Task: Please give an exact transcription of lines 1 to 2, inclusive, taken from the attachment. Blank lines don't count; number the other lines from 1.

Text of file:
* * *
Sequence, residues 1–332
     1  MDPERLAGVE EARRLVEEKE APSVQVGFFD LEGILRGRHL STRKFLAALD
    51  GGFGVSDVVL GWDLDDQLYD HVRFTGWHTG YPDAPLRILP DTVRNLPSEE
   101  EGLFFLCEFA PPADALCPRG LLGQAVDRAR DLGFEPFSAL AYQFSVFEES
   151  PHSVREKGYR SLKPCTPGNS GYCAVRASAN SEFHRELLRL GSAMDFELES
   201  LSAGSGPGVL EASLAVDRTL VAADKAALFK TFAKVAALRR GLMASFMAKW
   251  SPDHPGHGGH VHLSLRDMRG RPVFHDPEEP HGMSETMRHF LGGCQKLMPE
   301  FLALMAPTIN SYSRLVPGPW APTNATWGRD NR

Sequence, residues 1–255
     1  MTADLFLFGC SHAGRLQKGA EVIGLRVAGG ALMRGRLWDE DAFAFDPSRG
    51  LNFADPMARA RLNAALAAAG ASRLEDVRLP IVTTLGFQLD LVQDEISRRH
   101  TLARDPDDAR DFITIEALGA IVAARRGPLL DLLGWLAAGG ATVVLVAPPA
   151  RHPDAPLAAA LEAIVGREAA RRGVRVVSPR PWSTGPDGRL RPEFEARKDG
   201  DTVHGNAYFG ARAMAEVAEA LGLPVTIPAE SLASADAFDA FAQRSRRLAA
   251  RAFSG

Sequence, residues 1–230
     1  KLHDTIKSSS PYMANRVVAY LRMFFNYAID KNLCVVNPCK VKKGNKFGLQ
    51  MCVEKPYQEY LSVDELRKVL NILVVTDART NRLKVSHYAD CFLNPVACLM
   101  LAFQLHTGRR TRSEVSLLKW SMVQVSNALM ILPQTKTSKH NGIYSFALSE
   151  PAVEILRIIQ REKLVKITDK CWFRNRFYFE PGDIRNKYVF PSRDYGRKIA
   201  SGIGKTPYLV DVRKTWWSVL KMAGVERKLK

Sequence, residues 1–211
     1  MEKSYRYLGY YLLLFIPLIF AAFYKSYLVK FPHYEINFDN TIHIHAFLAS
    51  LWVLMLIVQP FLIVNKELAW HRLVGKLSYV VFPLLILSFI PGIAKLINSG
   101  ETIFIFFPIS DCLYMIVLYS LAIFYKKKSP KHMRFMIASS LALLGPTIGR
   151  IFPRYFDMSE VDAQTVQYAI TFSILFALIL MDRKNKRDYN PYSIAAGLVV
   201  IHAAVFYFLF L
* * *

Sequence, residues 1–332
     1  MDPERLAGVE EARRLVEEKE APSVQVGFFD LEGILRGRHL STRKFLAALD